Of course, calling the phenomenon of mass migrations a ‘crisis’ suggests that the issue of human mobility is temporary, a sudden movement of people which will stop in a few months. Will it? We would argue that the new security landscape, combined with climate change, could make mass migrations the new norm.
- Climate change
Climate change. This is not just an environmental issue but a security issue. It poses a risk of planetary proportions and at a timescale which affects us, our children and generations to come.
Whilst studying climate change at university, I remember feeling huge disappointment after COP 15 in Denmark, 2009, where there was a complete absence of global leadership. Since then, climate change seems to have disappeared off the global agenda.
So why is it urgent now you may ask? We’re reaching a tipping point. This year, the journal Science published its review of planetary boundaries – 9 physical and biochemical thresholds which indicate the health of our planet. Out of these 9 thresholds, 4 have now been irreversibly crossed. These have led to devastating impacts across the world with particular destruction felt in developing countries least able to mitigate and least able to adapt to changes.
Several of us in this room have experienced first-hand the effects of climate change. We as a cohort believe that public leaders can no longer ignore this existential threat.
The sense of urgency regarding planetary boundaries must not paralyse but mobilise. The UN Climate Change Conference in Paris this December presents an opportunity for global leaders to take this issue seriously and act in the interests of us all.
The Type of Leadership Required
Inequality. Security. Human mobility. Climate change. They all call for a new kind of public leadership. The 2015 Survey from the World Economic Forum showed that 86% of respondents agreed that we have a leadership crisis in the world today. Now why would they say this? We believe that it is because the international community has largely failed to address any major global issue in recent years.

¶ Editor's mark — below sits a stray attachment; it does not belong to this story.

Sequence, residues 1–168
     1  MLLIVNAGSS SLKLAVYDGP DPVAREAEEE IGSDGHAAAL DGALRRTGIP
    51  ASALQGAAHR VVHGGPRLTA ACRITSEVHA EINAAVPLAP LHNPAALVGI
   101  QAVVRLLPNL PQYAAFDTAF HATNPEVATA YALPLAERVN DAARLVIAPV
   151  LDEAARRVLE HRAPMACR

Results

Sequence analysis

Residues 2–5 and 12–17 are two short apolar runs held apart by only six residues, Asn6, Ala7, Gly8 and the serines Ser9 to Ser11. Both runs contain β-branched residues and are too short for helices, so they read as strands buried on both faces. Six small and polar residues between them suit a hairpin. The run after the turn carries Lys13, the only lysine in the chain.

We see a growing democratic deficit. Non-state actors like global corporations have more power than ever before. At the same time, only 22 percent of elected public leaders are women. These factors undermine our democracies and limit the ability of world leaders to address global challenges.
It is our opinion that public leaders need to act from the first principle that the life of every human being is equal and important. Public leaders need to do three things:
One, reach across groups to include diverse perspectives and experiences. Divergent views deepen our conversations and broaden our horizons, allowing meaningful solutions to be discovered, tested and adopted.
Two, leaders across all sectors will need to cooperate and collaborate with communities. This means shifting vertical power structures to become more horizontal.
And finally three, global leaders need to focus on long term solutions for everyone, not just the select powerful few.
These four pivotal issues – inequality, security, human mobility and climate change – represent many risks for us all but also huge opportunities.
We are at a historic turning point – each and every one of us needs to think about how best to utilise these four pivotal shifts as opportunities for reform. Here in Sauvé House, all 12 of us are honing our skills in order to contribute to a new kind of public leadership; leadership that draws on the diverse perspectives and experiences from across the world. We look forward to working with you all – the mentors, Board of directors, alumni and the wider Sauvé community – in the coming year and beyond.
In ending, we want to share some words from former UN Secretary Kofi Annan. He said, “more than ever before in human history, we share a common destiny. We can master it only if we face it together”.